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Tutti insieme a poche decine di miglia dall'arrivo, con il Fastent da lasciare a destra e il vento da risalire. E poi, come se...

Solitaire du Figaro – Kinsale – Tutti insieme a poche decine di miglia dall’arrivo, con il Fastent da lasciare a destra e il vento da risalire. E poi, come se non bastasse, il difficile approccio alla baia di Kinsale, dove, in condizioni di brezza leggera, tutto può succedere. Lo sanno bene gli skipper della Solitaire, impegnati da quasi quarantotto ore lungo la rotta che da Brest conduce nella cittadina irlandese.

La flotta, aperta a raggiera lungo la via più breve, è guidata da Nicolas Lunven, ma i giochi sono ben lontani dall’essere decisi. Basta guardare la tabella dei distacchi per rendersi conto che mai come in questa occasione bisogna avere pazienza. I primi dieci sono infatti radunati in appena un paio di miglia.

Del gruppo di testa fa ovviamente parte Armel Le Cléac’h. Lo Sciacallo, che ha vinto a mani basse le prime due frazioni, è stato anche al comando della tappa ed è ora terzo a meno di un miglio dal battistrada. Tra lo skipper di Brit Air e il leader si è inserito Nicolas Lunven. Migliore dei debuttanti è Nicolas Marchand, che difende una posizione nella top ten.

Resta attorno alla trentesima posizione Pietro D’Alì che dopo poche miglia di regata si era avvicinato al gruppetto dei battistrada.

Per consultare la classifica clicca qui.

Per consultare il tracking clicca qui.

[flashvideo filename=video/solitaire/Solitaire_100810.flv /]
Terza tappa, primo giorno. Video courtesy Solitaire du Figaro.

[Solitaire du Figaro Press Release] The first night at sea of Leg 3 proved to be as demanding as expected, with the skippers fighting against high winds, cold weather, drizzling rain, fog and, especially, a very fastidious swell. Several blown spinnakers but the whole fleet is fastly sailing towards Ireland. After keeping the lead for more than 24 hours, Thomas Rouxel, has to lave first place to Armel Le Cleac’h. Yet, nothing is carved in stone as the first 26 boats are only 5 miles apart at 150 miles from the finish.

Last night’s Channel crossing from Portsal to Wolf Rock was wet and bumpy for the 44 skippers racing in the 41st edition of La Solitaire du Figaro. “Several skippers reported damages and breakages” said Jacques Caraes form the Race Management catamaran following the fleet’s progress in the Celtic Sea. The big waves got the best of at least a dozen spinnakers. Surely annoying but probably not so relevant for the rest of the race to Ireland because, in theory, the skippers will not need them to sail to Fastnet Rock and their final destination, Kinsale. The damage on Armel Tripon’s Gedimat looks more serious, her hull pierced following a collision after the start in Brest. “On starboard tack there is a leak” reports Tripon, at the same time reassuring that the situation seems to be under control and keeps his spirits high. No doubt that shore teams, sail makers, riggers and builders will be busy over next week in Kinsale.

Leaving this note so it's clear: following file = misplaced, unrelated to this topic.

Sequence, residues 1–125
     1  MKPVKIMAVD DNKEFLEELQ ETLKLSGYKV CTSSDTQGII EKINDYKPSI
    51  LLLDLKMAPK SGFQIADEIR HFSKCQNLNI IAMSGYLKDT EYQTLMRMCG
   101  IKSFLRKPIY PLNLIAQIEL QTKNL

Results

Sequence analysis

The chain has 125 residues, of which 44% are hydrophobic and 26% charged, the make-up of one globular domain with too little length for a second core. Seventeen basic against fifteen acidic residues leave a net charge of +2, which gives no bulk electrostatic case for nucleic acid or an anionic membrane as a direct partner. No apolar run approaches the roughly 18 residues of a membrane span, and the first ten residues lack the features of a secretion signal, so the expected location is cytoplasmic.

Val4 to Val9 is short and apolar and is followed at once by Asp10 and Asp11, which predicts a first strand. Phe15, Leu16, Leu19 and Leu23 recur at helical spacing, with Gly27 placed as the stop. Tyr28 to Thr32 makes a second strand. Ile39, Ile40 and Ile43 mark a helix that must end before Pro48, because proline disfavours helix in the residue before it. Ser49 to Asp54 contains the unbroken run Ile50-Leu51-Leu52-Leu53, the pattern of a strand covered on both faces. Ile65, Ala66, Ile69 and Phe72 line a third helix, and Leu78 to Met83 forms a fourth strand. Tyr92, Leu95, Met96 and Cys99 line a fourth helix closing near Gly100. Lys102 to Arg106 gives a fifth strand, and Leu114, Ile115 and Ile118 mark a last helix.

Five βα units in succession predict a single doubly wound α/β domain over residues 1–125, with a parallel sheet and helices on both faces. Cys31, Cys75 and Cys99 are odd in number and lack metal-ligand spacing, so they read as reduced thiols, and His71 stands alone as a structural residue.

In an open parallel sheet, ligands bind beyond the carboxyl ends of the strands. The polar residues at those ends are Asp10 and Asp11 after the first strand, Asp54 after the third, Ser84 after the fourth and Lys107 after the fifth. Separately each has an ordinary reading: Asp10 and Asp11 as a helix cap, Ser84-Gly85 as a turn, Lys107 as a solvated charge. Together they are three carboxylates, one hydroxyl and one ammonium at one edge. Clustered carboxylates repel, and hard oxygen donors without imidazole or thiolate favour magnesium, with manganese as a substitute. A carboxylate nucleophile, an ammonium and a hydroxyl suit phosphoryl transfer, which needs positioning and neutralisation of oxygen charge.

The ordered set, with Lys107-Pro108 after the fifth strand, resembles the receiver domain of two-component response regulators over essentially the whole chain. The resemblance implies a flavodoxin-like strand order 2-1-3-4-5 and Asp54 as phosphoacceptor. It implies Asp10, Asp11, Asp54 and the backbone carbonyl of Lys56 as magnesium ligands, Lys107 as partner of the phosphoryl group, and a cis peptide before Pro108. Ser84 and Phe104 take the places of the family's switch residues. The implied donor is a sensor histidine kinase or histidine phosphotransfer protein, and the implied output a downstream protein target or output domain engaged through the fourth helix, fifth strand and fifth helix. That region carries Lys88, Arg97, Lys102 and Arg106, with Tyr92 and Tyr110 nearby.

For the sailors’ joy the long, uncomfortable reaching in high winds up to 25 knots, grey and wet conditions came to an end early in the morning when the leaders rounded the Wolf Rock lighthouse and entered the Celtic sea. The first skipper to reach midpoint to the finish was a consistent Thomas Rouxel. The fleet later had to deal with a sudden 90° wind shift, provoked by the quick passage of a front, he wind from south westerly became north easterly. Sure enough there will be more of such variations to negotiate before seeing the famous Fastnet Rock, as confirmed by Meteo France’s weather expert Sylvain Mondon: “the wind shifty and unstable, coming from the northern sector”. No big news there, since before leaving Brest all the skippers declared that they very particularly wary of the Celtic Sea and its tactical tricks.

The tricky sea and hard tactical choices don’t seem to be a major problem for Armel Le Cleach who is reported to have got in the lead once again, overtaking Thomas Rouxel and preceding also Jean-Pierre Nicol in third. Yet the skippers are sailing in a very compact group, only 4.5 miles separate the leader from the 26th placed, Italian Pietro D’Alì. Yet, another brilliant performance to register from Portuguese Francisco Lobato, who’s been in the leading pack since the start and now lies in 12th position only two miles behind Le Cleac’h and first in the newcomers special ranking. Franco/German Isabelle Joschke is 25th, Swiss Bernard Stamm is 35th and Jonny Malbon is in 42th at ten miles from the top.

As per the latest computer simulations the ETA for the leaders at the Fastnet could be tomorrow between 9 and 12 GMT while the leaders could be crossing the finish line at Old Head of Kinsale.

To read the standing click here.

To read the tracking click here.

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